Aug. 30-Sept. 12, 2002
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Deep budget cuts ahead
Bond referendum a critical issue for higher education
Done Deal -- University finalizes plans for African consortium
Conserve -- U.Va. cracks down on water use

Apprenticeship program turns 20

How does aging affect cognition?
Children care for elderly parents
Years weaken signal of body’s master clock
Celiac sprue -- a disease that goes against the grain
In Memoriam
Hot Links -- U.Va. home page
Remembering Sept. 11th
Warm welcome
Apprenticeship program turns 20
Photo by Betty Wooding/Facilities Management

By Katherine Thompson Jackson

For 20 years, graduates of one U.Va. program have been guaranteed jobs immediately after successful completion of school.

apprenticeship graduates
Photo by Jenny Gerow
Brion Stoner (left) entered the apprenticeship program last month as an electronics technician apprentice; James Spears (center) graduated as an electronics technician in 1997; and Robert Gentry entered the program last year as an electronics technician apprentice. Here, the three are working on fire suppression systems.

Since 1982, thanks to U.Va.’s highly competitive apprenticeship program at Facilities Management, unskilled laborers have been turned into certified journeymen with permanent, full-time jobs. Over the course of four years, they are trained in their prospective fields in academic and Health System settings alongside professional tradesmen.

“Technology and equipment require people who are appropriately trained, and this program has done that,” said James Jefferson, a 1997 graduate who now is a systems control electronics technician. “The apprenticeship program has taught me how to be a respectable craftsman.”

Tom Wright, a 2002 graduate who completed the masonry/plastering program, joined the ranks of nearly 100 unskilled laborers in the four-year program and received on-the-job training 40 hours per week while attending weekly, four-hour-long classes. Initially, classes were held only at the Charlottesville Albemarle Technical Education Center. Some apprentices now attend classes at Piedmont Virginia Community College.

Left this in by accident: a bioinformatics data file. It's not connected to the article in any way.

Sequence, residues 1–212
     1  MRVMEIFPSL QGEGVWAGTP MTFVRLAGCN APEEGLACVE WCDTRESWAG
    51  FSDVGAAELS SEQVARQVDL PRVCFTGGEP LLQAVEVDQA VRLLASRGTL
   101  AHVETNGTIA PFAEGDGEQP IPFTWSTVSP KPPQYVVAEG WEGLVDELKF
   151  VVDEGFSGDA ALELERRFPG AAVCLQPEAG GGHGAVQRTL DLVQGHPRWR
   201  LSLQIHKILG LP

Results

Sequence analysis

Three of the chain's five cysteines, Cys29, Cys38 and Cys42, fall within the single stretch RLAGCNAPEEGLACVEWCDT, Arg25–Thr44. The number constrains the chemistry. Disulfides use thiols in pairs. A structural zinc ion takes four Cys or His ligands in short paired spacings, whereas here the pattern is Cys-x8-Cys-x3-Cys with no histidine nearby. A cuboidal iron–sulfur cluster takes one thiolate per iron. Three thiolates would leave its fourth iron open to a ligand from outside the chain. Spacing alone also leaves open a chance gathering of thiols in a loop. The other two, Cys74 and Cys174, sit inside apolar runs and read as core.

Clarence Wells
Photo by Betty Wooding/Facilities Management
Clarence Wells entered U.Va.'s Apprenticeship Program in 1982, the first year it was available. He graduated in 1986 as an HVAC journeyman and was promoted to air conditioning leadman in 1991. This month, he was named superintendent of the SW McCormick Zone where he is responsible for a team of tradesmen and housekeepers serving the McCormick Road area.

The apprenticeship program is a joint effort of U.Va.’s Facilities Management Department and the state’s Department of Labor and Industry. It was the first such program supported by a state agency and has served as a model for other state agencies and institutions. Now, about 10,000 Virginians participate in certified apprenticeship programs around the state.

Initially, 22 employees – housekeepers, laborers and food service workers – were chosen from 40 applicants. They signed on with the goal of career advancement. The University was eager to train these employees to replenish its pool of skilled workers and to provide advancement for employees.

Every year except 1990-91, the program has enabled U.Va. to replenish that pool. The stability of the Facilities Management workforce precluded the need for the program during that fiscal year.

“It is difficult to recruit persons already well into their job,” said Chris Willis, Facilities Management’s director of operations. “Experienced skilled workers are difficult to find. The apprentices are anxious to work in their trades and must be able to keep up with their regular academic load.”

The program, which recruits students both internally and outside the University, recently accepted four new apprentices — two for electronics and two for heating, ventilating and air conditioning. These positions had already been filled before the recent budget cuts, which will severely impact hiring practices, Willis said. After successfully completing the program, apprentices are promoted to the level of journeymen craftsmen.

Clarence Wells, class of 1986, was recently promoted to a superintendent position in Facilities Management. He said his experience was rewarding and prepared him socially to work with many unfamiliar people throughout the University. “Learning in the classroom is different from hands-on in the field.”


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